This was a fun project! Time to wrap it up…
What did I take away from all this?
Development is rapid… as long as I use disciplined regression tests. This is key - the only reason I was able to code (and constantly refactor) this little project relatively quickly was the constant safety net of my tests. Refreshing the browser and quickly hopping through the visual tests took about 10 secs each time, making for fairly rapid dev cycles.
I ended up with a basic but effective dev environment for dynamic web apps. I’m planning on extracting a stripped down template for future projects (with some improvements, see below).
Finally, rapidly building something concrete and visual is a rewarding feeling in and of itself… even for a trivial toy like my dinky little game.
Room for improvement
There are, apart from the myriad candidates for refactoring, some major issues to consider in the finished product as it stands now.
More of the code could be programmatically testdriven. For instance, much of the collision detection and state handling of Piece and Field could be tested and developed without relying on manual, visual tests. I managed without extensive unit tests here, however if the project had been a less trivial one I probably would’ve been more rigorous.
Piece shape matrices could be expressed in a more compact way if I’d defined each shape once, then used matrix rotation on them as needed. Unfortunately my math is a wee bit rusty, so I opted for “readability” instead. ;)
My use of OOP in this project could be a bit more disciplined. I reach right inside the Field and Piece objects and grab their state variables - so much for encapsulation, eh? I should’ve defined accessor functions, using closures to hide the actual state variables (this didn’t really occur to me until I was close to finishing the project).
How much thought did I put into performance? Nada. Zip. It loads fast enough, and runs fairly smoothly on my laptop. Works for me. However, if general web application performance was more of a concern I’d probably look into some of the most obvious remedies:
- Compressing the image and sound assets. Lower bitrate for sound, reduced color debth for images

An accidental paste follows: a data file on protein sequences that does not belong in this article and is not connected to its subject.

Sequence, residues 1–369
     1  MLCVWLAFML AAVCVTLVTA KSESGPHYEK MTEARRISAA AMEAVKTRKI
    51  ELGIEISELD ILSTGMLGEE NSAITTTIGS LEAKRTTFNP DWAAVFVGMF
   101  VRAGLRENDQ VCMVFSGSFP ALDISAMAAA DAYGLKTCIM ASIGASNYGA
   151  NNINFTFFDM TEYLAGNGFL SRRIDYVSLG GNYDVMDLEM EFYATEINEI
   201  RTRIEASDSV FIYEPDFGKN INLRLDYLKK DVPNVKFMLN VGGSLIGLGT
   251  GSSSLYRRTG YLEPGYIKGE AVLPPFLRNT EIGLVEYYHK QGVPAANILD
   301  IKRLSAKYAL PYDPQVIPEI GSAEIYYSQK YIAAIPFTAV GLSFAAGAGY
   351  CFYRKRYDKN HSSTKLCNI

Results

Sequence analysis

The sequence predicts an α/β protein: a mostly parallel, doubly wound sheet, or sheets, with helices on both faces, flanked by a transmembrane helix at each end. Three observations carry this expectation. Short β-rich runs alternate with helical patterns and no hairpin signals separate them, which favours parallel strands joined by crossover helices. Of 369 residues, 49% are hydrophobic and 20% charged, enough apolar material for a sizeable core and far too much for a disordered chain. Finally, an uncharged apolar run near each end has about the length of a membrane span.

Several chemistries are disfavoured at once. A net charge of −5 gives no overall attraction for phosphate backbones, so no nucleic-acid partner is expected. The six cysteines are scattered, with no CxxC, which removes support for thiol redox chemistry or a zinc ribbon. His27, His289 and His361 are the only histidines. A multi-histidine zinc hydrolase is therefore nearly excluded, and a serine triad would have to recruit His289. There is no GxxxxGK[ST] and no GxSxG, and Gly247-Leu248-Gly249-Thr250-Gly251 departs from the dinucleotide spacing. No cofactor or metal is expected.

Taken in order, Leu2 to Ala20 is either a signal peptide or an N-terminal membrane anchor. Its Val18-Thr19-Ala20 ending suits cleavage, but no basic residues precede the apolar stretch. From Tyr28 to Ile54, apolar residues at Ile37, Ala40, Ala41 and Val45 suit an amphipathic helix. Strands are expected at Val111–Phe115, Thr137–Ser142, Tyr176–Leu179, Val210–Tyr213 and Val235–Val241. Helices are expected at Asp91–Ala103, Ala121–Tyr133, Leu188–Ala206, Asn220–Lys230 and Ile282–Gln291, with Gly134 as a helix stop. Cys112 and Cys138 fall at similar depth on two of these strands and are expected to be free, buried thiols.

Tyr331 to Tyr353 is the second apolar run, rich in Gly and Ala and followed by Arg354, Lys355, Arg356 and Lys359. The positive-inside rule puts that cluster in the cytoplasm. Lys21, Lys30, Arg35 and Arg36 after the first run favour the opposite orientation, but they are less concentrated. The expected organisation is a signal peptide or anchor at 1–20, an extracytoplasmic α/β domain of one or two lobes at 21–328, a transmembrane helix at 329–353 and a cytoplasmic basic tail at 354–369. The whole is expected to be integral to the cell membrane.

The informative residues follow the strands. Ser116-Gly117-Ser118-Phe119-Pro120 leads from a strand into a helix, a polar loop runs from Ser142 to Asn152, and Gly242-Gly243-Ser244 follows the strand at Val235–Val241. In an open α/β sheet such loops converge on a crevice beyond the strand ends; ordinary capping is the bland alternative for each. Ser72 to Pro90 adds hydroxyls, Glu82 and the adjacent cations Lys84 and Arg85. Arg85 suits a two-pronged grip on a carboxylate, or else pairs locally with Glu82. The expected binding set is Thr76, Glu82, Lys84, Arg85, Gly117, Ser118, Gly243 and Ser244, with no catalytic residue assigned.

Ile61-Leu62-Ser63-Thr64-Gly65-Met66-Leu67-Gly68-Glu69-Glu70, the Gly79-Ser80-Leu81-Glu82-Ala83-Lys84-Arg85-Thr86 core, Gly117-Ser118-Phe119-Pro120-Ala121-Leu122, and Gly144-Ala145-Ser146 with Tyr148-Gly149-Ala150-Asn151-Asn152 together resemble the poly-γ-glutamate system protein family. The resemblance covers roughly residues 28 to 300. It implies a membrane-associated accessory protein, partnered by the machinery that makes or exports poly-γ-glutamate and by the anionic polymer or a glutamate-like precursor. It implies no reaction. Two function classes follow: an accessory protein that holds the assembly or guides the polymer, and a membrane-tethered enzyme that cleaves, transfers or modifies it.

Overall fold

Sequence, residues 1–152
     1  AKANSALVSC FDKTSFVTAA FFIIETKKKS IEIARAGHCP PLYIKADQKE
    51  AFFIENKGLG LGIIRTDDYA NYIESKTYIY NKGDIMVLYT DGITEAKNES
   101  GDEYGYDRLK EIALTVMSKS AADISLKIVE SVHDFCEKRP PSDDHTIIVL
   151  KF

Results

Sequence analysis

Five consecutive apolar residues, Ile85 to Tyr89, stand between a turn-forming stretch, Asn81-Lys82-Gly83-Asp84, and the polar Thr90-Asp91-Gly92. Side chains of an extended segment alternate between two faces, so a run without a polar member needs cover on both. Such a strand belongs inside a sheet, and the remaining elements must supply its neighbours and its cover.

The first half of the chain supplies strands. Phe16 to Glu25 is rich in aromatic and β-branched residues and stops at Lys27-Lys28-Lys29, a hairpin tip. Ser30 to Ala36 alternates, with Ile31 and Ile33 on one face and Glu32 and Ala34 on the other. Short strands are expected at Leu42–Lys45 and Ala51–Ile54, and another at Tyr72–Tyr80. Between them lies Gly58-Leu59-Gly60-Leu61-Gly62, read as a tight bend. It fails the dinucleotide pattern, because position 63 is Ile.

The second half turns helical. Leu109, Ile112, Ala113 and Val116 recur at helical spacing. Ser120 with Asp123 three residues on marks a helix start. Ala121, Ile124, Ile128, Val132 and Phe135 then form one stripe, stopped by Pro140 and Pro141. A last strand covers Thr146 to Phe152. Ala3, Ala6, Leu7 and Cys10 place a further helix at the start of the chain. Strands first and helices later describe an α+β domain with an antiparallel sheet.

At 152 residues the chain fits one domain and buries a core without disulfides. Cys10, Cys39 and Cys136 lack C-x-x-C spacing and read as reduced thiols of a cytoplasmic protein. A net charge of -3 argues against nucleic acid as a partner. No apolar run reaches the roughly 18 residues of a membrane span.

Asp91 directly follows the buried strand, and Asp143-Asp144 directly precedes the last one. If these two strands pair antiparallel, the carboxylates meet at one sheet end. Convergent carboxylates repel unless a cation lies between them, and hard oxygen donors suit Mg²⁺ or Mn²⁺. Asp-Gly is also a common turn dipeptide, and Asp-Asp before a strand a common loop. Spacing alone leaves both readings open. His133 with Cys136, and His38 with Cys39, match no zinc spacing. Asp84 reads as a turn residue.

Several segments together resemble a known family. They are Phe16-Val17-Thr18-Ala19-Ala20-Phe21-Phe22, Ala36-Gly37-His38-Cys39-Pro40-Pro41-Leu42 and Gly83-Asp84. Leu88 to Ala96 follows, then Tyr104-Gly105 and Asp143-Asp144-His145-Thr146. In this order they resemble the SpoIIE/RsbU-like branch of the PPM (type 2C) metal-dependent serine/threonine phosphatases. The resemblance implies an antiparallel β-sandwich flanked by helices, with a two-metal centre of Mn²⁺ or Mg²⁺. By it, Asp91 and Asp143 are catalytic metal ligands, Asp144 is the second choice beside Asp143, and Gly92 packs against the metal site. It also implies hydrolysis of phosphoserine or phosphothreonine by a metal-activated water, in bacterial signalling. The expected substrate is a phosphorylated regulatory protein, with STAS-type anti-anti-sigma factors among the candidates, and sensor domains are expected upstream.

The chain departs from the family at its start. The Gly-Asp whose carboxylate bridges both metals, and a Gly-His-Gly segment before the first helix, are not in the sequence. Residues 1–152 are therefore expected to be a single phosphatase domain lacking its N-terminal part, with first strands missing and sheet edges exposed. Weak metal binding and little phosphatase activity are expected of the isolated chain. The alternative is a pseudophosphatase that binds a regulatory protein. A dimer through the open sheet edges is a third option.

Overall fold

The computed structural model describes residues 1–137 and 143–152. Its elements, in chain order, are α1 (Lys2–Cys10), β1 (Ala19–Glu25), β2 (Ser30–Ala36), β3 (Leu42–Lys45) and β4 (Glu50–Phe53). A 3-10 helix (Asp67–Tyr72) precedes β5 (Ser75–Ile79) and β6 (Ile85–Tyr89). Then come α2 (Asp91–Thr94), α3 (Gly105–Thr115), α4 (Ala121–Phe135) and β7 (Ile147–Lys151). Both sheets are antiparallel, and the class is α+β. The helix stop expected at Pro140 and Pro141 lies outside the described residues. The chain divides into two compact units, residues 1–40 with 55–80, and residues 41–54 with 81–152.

- Using YSlow to profile and suggest further performance tweaks
Using straight DOM scripting combined with styled div elements works for our game. Every visual element is nice and rectangular; because of this we don’t need more organic functionality such as lines, circles and curves. More flexible graphics would probably have called for a different approach. There are a few ways of doing this. The canvas approach is one, SVG based graphics another. Unfortunately, Internet Explorer doesn’t support either of them out of the box (without installing third party extensions).
Finishing the basic gameplay mechanics took roughly one week, using spare time in evenings and over the weekend. Improved graphics, animation, refactoring and general cleanup was finished after another week. Planning and preparing for this series of companion blog posts added overhead to the whole process.
- Rake is my preferred build tool. Writing procedural build scripts in Ruby is very expressive, fast and readable, especially compared to certain other xml-based, declarative monstrosities. :)
- Any editor will do, but I personally prefer Textmate when I work in OS X. Well worth the money.
I usually find the W3Schools pages to be an ok starting point when I research unfamiliar web standards. Their tutorials and examples are uneven, but the site works well for quickly looking up stuff like API details and HTML DOM events.
I strongly recommend his book, which summarizes much of the material from the articles and videos mentioned above. At 153 pages it’s one of the most dense, concise language reference books I’ve ever seen.Special thanks
My friend and colleague Alexander Odden (aka Flipside) was kind enough to whip up some sound and music - much appreciated!
I’m grateful to Johannes Brodwall, Christian Johansen, Lars Juel Jensen, Thomas Kristensen, Henrik Storm Ofteland and Bente Storåker for (sometimes heeded) feedback, suggestions and criticism. Thanks guys (and gal)!